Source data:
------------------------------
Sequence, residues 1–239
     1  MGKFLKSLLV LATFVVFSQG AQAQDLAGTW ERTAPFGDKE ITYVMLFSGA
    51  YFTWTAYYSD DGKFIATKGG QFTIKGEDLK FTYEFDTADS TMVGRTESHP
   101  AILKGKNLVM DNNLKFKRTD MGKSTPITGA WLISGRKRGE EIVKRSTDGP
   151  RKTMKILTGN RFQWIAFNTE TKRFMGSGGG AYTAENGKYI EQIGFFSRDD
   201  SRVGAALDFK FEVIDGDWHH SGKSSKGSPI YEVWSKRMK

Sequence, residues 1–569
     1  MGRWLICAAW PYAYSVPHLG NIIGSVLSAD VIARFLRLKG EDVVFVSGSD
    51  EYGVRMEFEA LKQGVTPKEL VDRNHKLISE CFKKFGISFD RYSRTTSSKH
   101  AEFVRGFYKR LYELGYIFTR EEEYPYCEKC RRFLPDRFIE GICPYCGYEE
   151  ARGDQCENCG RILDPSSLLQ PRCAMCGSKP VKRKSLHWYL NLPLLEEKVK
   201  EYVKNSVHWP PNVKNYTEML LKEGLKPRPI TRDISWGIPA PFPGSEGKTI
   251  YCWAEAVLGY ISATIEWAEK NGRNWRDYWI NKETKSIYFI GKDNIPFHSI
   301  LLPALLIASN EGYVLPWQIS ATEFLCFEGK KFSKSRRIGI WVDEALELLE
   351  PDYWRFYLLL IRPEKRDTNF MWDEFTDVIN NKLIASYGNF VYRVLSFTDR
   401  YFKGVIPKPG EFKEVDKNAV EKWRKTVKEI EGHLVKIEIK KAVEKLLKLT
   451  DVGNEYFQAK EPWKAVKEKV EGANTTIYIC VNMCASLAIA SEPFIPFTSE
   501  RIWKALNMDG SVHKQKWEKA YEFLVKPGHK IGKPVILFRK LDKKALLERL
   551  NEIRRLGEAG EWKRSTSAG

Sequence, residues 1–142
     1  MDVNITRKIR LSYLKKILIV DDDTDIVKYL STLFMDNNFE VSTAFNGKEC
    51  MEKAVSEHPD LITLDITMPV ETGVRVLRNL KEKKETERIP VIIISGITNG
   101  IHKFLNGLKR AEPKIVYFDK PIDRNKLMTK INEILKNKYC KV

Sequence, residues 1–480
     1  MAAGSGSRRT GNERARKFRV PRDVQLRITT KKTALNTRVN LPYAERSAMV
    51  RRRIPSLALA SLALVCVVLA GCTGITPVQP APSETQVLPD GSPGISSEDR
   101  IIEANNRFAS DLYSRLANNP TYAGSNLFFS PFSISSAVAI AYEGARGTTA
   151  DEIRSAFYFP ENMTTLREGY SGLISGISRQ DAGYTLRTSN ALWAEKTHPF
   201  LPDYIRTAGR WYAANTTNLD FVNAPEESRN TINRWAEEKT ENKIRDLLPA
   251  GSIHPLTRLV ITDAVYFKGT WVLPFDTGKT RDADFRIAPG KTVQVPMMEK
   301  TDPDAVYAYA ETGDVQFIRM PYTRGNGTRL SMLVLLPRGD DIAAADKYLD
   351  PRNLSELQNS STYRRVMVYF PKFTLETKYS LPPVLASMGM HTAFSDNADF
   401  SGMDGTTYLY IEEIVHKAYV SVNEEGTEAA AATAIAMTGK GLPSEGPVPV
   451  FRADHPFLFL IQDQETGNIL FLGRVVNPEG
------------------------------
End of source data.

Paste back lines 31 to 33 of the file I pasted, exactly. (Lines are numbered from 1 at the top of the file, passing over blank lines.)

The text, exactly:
   301  TDPDAVYAYA ETGDVQFIRM PYTRGNGTRL SMLVLLPRGD DIAAADKYLD
   351  PRNLSELQNS STYRRVMVYF PKFTLETKYS LPPVLASMGM HTAFSDNADF
   401  SGMDGTTYLY IEEIVHKAYV SVNEEGTEAA AATAIAMTGK GLPSEGPVPV